A child watches a livestreamer selling local products in Beichuan County, southwest China's Sichuan Province, Nov. 14, 2020. (Xinhua/Jiang Hongjing)

Narrowed digital gap contributes to China’s poverty alleviation: report

The Internet has played a remarkable role in China’s poverty alleviation campaign, especially amid the COVID-19 pandemic, with Internet access extended to more rural areas, a recent report says.

The China Internet Development Report 2020, which was released Monday at the ongoing World Internet Conference — Internet Development Forum, shows that the regional digital divide in China further narrowed over the past year, with the Internet penetration rate in urban areas reaching 76.4 percent while that in rural areas surging to 52.3 percent by June 2020.

The change is attributed to China’s unremitted efforts in improving Information and Communications Technology (ICT) infrastructures in rural areas and making full use of the Internet to help lift more people out of poverty, the report says.

Many e-commerce platforms have actively engaged in a poverty-alleviation campaign to help promote agricultural products through livestreaming, during which many farmers have become online celebrities, according to Xia Xueping, head of the Chinese Academy of Cyberspace Studies.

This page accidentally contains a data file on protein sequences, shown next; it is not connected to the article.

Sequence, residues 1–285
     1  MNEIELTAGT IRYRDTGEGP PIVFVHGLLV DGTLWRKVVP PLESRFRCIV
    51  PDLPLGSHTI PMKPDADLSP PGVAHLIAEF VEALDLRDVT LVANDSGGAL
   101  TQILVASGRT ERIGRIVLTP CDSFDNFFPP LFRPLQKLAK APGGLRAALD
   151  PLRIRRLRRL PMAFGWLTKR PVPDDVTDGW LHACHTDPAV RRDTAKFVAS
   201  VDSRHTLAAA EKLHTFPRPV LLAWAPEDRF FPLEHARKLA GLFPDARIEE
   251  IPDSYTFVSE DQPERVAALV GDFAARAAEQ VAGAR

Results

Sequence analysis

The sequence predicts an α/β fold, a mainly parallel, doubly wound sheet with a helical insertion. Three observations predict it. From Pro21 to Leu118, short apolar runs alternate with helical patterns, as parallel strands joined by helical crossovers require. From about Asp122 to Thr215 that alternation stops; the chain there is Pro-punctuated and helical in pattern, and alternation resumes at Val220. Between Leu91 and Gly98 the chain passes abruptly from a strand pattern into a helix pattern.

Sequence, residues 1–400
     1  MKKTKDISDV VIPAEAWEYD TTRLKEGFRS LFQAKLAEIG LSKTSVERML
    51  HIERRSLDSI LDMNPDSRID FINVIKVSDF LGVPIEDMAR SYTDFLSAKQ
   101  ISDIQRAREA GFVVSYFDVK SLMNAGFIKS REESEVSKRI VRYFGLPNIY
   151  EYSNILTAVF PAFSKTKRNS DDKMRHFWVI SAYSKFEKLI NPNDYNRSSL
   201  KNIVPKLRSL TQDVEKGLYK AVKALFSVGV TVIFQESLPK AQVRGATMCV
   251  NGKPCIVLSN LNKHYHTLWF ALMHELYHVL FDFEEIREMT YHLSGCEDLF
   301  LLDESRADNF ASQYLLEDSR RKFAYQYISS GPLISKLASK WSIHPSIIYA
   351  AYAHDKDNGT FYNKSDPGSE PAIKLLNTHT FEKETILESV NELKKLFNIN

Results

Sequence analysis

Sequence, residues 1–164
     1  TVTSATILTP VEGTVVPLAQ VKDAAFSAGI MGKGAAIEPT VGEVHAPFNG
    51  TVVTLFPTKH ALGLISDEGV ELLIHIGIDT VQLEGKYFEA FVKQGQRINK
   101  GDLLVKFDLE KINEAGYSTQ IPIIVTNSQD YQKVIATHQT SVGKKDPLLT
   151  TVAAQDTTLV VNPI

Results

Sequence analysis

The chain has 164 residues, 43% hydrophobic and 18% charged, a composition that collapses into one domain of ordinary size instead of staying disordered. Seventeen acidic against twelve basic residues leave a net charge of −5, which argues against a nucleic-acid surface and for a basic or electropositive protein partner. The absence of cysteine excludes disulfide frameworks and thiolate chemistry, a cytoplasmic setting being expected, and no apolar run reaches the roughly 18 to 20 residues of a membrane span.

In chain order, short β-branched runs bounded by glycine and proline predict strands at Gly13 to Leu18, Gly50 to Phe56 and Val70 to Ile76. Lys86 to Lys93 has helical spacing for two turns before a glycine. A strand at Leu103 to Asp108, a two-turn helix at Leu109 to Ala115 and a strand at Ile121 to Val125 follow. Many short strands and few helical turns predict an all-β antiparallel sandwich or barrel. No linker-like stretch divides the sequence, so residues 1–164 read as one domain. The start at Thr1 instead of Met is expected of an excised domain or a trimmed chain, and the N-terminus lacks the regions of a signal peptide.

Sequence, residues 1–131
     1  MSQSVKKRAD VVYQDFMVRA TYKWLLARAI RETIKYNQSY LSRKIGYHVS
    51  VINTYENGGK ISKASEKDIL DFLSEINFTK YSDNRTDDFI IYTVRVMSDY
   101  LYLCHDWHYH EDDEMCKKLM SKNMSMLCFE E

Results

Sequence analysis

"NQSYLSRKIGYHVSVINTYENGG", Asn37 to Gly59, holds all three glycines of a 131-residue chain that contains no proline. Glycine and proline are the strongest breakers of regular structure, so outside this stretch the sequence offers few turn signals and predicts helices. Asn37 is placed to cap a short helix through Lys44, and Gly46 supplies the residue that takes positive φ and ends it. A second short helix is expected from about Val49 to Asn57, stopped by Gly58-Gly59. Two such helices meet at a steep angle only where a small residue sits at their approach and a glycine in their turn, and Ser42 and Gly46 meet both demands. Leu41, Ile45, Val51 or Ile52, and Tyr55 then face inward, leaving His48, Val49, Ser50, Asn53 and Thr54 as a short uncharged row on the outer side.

A batch of Internet companies and social organizations have provided rural residents with distance learning, e-commerce training, among other services, empowering the development of those areas, Xia added.

The report also shows that China has reached its goal of Internet coverage in poor areas ahead of schedule, with 98 percent of poor villages already gaining Internet access.

Meanwhile, online retail sales in rural areas surged to 1.7 trillion yuan (about 258 billion U.S. dollars) in 2019 from 180 billion yuan in 2014.

From a global perspective, however, the digital divide between countries and regions is still enormous, with developing countries lagging far behind developed countries in fields such as infrastructure, digital-payments, skill-learning and legislation, said the World Internet Development Report 2020, which was also released during the conference.

The report pointed out that this imbalance may further expand unless people’s digital skills are improved and prices of information equipment and services are lowered in those countries and regions.

The two-day World Internet Conference — Internet Development Forum opened Monday in Wuzhen, east China’s Zhejiang Province, highlighting digital empowerment for a better future.